A new study reported the discovery of 18 new alien planets that are comparable to the size of Jupiter.
The researchers who took part in the study surveyed approximately 300 stars using the Keck Observatory in Hawaii and instruments in Texas and Arizona. The focus of this study was on the labeled "retired" type A stars.
These stars are said to be at least 1.5 times more massive than our own sun. They are referred to as "retired" due to them going beyond their main stages of living.
The team continued to probe these stars, looking for slight wobbles caused by the gravitational tug of orbiting planets. The scientists' results revealed 18 new alien worlds, all of them with masses similar to Jupiter. The 18 alien planets orbit at a relative far distance from their stars, at a distance of at least 0.7 times the span from Earth to the sun.
The discovery of these new alien planets now joins a previous team of researchers' planet findings.
FoxNews.com explained the story: "The haul comes just a few months after a different team of researchers announced the discovery of 50 newfound alien worlds, including one rocky planet that could be a good candidate for life. The list of known alien planets is now well over 700 and climbing fast."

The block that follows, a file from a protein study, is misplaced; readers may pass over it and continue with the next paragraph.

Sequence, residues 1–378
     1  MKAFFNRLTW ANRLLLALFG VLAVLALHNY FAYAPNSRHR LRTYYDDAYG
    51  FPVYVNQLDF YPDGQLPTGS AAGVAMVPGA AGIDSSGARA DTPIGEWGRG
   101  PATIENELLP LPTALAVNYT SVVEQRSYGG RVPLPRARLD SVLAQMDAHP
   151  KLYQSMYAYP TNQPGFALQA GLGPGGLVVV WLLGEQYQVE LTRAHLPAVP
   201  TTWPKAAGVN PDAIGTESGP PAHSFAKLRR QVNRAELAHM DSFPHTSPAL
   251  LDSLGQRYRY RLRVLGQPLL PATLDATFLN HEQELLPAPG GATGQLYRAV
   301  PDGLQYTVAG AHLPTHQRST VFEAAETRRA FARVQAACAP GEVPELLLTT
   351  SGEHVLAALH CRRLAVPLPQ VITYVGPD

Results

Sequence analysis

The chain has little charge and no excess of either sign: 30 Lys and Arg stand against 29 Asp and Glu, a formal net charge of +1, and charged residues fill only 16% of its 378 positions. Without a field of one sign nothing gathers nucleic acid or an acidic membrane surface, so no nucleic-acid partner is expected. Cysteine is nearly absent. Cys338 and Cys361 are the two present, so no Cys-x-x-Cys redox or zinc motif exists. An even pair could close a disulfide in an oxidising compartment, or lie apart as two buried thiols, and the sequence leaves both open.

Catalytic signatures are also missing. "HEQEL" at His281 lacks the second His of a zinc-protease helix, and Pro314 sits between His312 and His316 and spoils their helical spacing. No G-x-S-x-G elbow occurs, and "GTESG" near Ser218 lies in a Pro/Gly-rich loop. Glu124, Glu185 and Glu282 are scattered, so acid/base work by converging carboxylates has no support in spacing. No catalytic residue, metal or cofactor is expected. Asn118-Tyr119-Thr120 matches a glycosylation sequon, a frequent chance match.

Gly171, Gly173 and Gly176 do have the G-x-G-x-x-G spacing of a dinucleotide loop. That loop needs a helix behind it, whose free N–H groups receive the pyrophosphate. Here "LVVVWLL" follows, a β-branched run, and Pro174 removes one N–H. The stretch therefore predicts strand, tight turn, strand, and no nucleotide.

The number of known planets orbiting massive stars rose to 50 percent. Researches said this planet bounty should aid astronomers in understanding how giant planets form and grow in alien solar systems.
These findings may become more frequent. Researchers said the discovery of the new 18 alien planets is said to be providing more evidence for the "core accretion" theory.
John Johnson, lead author of the alien planet study, gave the following statement in the released study: "It's nice to see all these converging lines of evidence pointing toward one class of formation mechanisms."
Johnson and several of his research colleagues reported their results in the December issue of the Astrophysical Journal Supplement Series.